There is no blanket solution to dealing with different types of pond weeds. To effectively prevent them from reaching uncontrollable levels and overtaking the pond, you have to know how to control pond weeds with the different kinds that you have and craft strategies and techniques to eradicate them or, at the very least, reduce them to manageable levels.
How to Control Pond Weeds – Submerged
This type of weeds is what you can find mostly underwater, but some parts of the plant are floating on the surface as well. They are very soft and limp, making them easy to manually remove from the pond through cutting, raking, or a pond vacuum.
Submerged weed varieties are the Eurasian watermilfoil, hydrilla, bladderwort, pondweed, and coontail. Others belong to this category, but these are the most common and problematic ones.
When submerged weeds pose such a severe threat to your pond ecosystem due to their excessive growth, you can utilize herbicides only as a last option. There are various treatments you can choose from, which are available in the market, but you have to be aware of certain restrictions and regulations using weed killers. Also, read the label carefully and follow the instructions to the letter because different formulations require specific methods of application.
A particular brand, Sonar, is one of those types that you can use once to treat the infestation, and it will kill all the floating and submerged weeds in your entire pond for a whole season. The downside to this is that for several months, your pond is exposed to the herbicide since the chemicals persist in the water to eradicate the problematic weeds.
The contact herbicide Ultra Pondweed Defense is also an excellent option and is a broad formulation that will kill several types of weeds at once.
A pond dye will also help eliminate submerged weeds in your pond by covering the surface of the water and blocking out sunlight. Without the sun, the existing plants will eventually die off, while those who persist will be prevented from further regrowth. The Eurasian milfoil mentioned above is a rather aggressive species and can reproduce even if a tiny part remains of the plant, so when removing this particular weed from the pond, the method must be extensive and thorough in driving them away entirely.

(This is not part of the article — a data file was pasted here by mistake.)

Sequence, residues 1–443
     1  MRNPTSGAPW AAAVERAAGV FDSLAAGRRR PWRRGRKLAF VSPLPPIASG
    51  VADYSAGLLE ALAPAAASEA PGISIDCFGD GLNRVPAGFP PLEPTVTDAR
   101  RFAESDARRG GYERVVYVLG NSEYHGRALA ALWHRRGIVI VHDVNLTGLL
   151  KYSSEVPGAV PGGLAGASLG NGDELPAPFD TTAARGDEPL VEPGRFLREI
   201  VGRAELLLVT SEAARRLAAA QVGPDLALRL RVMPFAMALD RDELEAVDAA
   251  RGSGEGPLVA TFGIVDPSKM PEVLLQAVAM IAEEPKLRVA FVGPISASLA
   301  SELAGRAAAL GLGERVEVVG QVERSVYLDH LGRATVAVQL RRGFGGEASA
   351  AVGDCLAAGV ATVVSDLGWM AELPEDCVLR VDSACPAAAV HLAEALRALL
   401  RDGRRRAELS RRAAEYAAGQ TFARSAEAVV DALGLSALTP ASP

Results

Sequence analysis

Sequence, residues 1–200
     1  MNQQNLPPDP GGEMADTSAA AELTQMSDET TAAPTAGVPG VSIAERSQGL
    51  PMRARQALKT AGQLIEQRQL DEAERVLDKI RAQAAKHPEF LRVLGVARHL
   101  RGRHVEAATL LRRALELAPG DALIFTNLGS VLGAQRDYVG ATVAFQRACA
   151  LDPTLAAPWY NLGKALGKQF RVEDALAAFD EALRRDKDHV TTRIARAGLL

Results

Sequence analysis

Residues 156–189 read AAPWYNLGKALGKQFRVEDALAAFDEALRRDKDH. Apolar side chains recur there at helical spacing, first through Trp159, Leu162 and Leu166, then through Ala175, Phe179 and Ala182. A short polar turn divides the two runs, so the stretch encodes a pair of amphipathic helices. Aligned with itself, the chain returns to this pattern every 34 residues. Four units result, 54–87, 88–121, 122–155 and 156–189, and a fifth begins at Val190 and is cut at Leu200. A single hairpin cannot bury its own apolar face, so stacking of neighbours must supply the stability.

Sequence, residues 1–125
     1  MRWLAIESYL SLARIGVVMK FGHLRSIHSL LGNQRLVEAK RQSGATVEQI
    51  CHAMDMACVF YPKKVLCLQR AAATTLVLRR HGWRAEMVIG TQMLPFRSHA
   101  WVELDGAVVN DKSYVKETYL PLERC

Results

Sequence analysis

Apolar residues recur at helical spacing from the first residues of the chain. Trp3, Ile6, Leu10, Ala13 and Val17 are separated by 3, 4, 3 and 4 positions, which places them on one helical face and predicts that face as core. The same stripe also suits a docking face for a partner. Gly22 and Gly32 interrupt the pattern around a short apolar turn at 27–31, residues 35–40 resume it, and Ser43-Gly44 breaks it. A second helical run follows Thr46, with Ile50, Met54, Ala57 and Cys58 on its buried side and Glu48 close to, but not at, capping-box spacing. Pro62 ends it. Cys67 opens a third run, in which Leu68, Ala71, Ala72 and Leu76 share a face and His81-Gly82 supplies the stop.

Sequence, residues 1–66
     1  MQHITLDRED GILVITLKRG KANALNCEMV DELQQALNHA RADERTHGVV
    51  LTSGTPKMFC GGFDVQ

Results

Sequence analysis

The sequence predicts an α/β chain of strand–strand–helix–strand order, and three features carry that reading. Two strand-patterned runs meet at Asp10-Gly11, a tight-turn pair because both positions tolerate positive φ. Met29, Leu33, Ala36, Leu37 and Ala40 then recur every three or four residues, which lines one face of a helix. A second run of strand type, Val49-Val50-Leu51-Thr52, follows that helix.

Because submerged weeds are soft plants, they can be easily removed manually using rake, skimmer, or pulling by hand or cutting them directly as you access them. Another method is to plant trees around the perimeter of the pond to provide shade to parts of the lake where the submerged weeds are. This step will deter their growth due to a lack of sunlight. You have to carefully plan where to plant these trees such that other plants in the pond will not be affected.
How to Control Pond Weeds – Floating
The floating weeds are those which can be found in the shallow parts of the pond, just several meters from the surface. But they can also dwell in deeper regions. Because they are floating on the surface of the lake, these weeds can completely block out the sunlight. It also affects oxygen from ever reaching a considerable percentage of the pond, which is from the surface down.
Floating weeds are waterweed, spatterdock, water hyacinth, water lettuce, duckweed, water lilies. These are a lot less of a challenge to control because, unlike the submerged weeds, they do not have the rhizome mats and are not as widespread in their manner of overgrowth. These weeds are also more reactive to chemical and manual methods of elimination.